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Web-based movie series “Milgram & The Fastwalkers” Out-Xs the X-Files

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Review by: KEN KORCZAK

Think of a soap opera, but not the kind with impossibly handsome doctors and lawyers tangled in sleazy love affairs with achingly gorgeous women — no, instead imagine a soap opera that has UFOs and alien abduction as its central premise.

Well, that’s what you get with the first season of MILGRAM & THE FASTWALKERS, a micro-budget but heroic attempt to take ufology to the streets serial-TV style … well, Internet-platform style, that is.

But wait a minute — I want to jump right ahead and say that while Season 1 of ‘Fastwalker’ was indeed rather soapy, Season 2 quickly evolves into something much more sensational, and by sensational, I mean sensationally good.

Milgrim & The Fastwalkers easily out-Xs The X Files, in my opinion, and I loved the X Files.

But this is better. Read on.

Here’s the premise: Brilliant psychiatrist Richard Milgram (Richard Cutting) has his career in high gear having just won the prestigious “Pullman Prize” for penning a brilliant book, while his practice has a mile-long waiting list of people who desperately need one of the world’s best shrinks.

In the meantime, a young, career-climbing lawyer has developed a real problem. She’s the lovely Sally Lemm (Walker Hays), beautiful as a summer day — but tough, cold and hard-bitten as the worse kind of A-hole lawyer you ever want to meet

Her career is crumbling because she is being taken up, up and up into the frightening interior of a UFO operating room where nasty aliens are giving impregnating her with alien hybrid seeds, only to terminate her pregnancies whenever they see fit. And then they do it all over again.

Ms. Lemm eventually finds her way to Dr. Milgram, who is skeptical at first, but gets pulled toward where the science is taking him — to the astounding realization that this whole alien abduction thing just might be real.

Dr. Milgram is certainly based on the real, world-famous and late Harvard psychiatrist DR. JOHN MACK. Like Milgram, Mack had won the Pulitzer Prize for a brilliant book, and was among the most eminent psychiatric doctors in the world. Like Milgram, Mack was drawn into the endlessly bizarre world of ufology when he dared conclude that his many patients complaining of alien abduction were not crazy — that what was happening to them was probably real.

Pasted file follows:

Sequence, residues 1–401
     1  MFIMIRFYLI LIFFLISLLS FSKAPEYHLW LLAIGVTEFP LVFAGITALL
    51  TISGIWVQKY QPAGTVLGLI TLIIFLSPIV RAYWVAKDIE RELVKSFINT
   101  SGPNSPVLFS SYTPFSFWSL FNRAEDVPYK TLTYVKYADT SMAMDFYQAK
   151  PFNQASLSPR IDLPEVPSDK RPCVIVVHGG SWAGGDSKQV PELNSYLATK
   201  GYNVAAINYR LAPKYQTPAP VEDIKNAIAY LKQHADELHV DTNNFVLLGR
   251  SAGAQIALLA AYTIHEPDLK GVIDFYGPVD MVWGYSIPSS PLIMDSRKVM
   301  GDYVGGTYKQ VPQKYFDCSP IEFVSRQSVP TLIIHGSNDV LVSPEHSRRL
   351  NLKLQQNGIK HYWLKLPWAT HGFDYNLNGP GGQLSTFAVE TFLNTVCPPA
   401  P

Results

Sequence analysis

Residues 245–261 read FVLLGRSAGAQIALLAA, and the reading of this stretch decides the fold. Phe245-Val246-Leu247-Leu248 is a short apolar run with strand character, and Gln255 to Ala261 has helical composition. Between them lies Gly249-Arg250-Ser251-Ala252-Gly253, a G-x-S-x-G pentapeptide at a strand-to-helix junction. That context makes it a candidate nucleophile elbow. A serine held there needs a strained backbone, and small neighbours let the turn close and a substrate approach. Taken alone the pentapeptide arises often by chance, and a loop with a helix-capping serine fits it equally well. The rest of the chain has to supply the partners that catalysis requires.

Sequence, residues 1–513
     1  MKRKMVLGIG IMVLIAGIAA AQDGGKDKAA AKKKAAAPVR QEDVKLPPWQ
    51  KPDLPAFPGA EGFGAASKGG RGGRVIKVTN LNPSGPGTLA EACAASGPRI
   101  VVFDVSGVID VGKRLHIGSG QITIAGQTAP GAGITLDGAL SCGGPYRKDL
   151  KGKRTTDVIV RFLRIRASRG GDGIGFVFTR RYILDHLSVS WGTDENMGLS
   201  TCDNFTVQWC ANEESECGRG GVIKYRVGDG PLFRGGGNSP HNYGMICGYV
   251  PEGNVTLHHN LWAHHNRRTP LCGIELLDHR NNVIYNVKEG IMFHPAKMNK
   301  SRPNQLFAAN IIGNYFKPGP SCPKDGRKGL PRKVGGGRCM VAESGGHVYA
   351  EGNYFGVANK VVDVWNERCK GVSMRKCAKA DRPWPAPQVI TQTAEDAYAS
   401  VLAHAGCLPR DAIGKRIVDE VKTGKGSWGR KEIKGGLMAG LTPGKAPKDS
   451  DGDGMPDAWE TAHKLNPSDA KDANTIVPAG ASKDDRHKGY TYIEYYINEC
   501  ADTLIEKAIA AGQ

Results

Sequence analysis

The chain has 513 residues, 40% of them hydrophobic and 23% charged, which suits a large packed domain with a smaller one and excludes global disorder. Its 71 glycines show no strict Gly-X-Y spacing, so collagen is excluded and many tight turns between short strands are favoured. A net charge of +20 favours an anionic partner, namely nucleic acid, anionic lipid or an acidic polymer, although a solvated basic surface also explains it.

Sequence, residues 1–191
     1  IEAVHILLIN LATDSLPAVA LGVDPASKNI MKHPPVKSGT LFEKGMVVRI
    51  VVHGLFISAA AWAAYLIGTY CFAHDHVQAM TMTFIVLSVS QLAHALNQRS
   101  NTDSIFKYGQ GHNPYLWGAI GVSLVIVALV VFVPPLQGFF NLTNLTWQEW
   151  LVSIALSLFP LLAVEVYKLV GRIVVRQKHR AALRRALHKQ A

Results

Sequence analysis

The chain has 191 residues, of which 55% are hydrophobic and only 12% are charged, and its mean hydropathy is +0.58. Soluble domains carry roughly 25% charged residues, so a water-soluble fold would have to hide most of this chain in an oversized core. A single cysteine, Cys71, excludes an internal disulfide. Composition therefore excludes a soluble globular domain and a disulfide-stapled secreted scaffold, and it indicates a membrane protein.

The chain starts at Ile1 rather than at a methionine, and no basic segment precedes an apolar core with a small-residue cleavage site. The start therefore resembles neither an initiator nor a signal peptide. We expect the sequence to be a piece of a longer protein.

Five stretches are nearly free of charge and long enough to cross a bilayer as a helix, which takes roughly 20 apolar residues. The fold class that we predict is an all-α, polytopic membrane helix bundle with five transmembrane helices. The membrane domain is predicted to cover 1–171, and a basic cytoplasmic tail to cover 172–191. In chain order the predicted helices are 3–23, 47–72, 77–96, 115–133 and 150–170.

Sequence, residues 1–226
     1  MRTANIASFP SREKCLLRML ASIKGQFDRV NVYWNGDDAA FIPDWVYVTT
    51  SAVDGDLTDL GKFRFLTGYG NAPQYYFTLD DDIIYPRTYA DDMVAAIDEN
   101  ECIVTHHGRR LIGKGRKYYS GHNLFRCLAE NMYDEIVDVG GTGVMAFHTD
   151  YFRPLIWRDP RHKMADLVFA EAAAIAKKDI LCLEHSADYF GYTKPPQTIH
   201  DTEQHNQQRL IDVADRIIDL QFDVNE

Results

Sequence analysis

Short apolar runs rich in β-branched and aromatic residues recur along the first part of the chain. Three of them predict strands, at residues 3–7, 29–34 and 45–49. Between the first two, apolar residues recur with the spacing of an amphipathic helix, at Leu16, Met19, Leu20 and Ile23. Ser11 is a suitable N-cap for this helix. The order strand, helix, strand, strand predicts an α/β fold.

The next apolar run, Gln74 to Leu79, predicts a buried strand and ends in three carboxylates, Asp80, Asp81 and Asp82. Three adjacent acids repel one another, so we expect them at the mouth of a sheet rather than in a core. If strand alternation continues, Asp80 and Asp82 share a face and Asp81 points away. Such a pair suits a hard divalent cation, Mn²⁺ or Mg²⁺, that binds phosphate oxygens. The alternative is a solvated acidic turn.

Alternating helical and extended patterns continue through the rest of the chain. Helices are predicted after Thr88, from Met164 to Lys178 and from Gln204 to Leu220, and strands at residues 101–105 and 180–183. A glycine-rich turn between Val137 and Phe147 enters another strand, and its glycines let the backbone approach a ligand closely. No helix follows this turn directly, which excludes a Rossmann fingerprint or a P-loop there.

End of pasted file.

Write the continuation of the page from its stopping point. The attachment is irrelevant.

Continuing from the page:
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Dr. John Mack, Photo by Stuart Conway

Mack’s distinguished career was rocked to the core. Harvard elites formed a kangaroo court and tried to revoke his tenure and spit him out like a bad oyster — but Mack was saved thanks mostly to the efforts of attorney Daniel Sheehan (of the Pentagon Papers case), who pulled his fat out of the academic-witch-hunt fire.

Portraying Dr. Milgram in the image of John Mack is just one thing that this intelligently written series gets right. Finally, here is a serial dramatic production channeling the UFO phenomenon which goes beyond all the surface cliches of ufology. It gets at the truly mind-bending, far reaching implications of what is most likely the most important sociological/scientific/spiritual issue of our times.

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Yes, ufology is hopelessly infected with the lunatic fringe, but at the same time, has captured serious attention of some the most brilliant minds in the world, including the aforementioned John Mack, but also others, such as Jacques Vallee, Carl Jung, J. Alan Hynek, Horace Drew, Gordon Cooper, Laurance Rockefeller, Edgar Mitchell — and many other movers and shakers in science and industry.

Two other things that make Milgram & the Fastwalkers a superior production:

Character driven plots: The creators do not rely on the sensational aspect of the UFO phenomenon to carry the entire narrative. This saga is deeply character driven, and there are a lot of them! Milgram and Sally Lemm are the major players, but they are surrounded by well-fleshed out characters with all the normal problems of everyday life — from Milgram’s boozy, sex-starved wife, Evelyn (Kate Revelle), to Fred Robinette (John C. Bailey), Migram’s fellow psychiatrist with an addiction to gambling, to Lisa Hill (Danielle Davy), a repulsively seedy, scruples-free journalist hell bent on digging dirt to further her own career.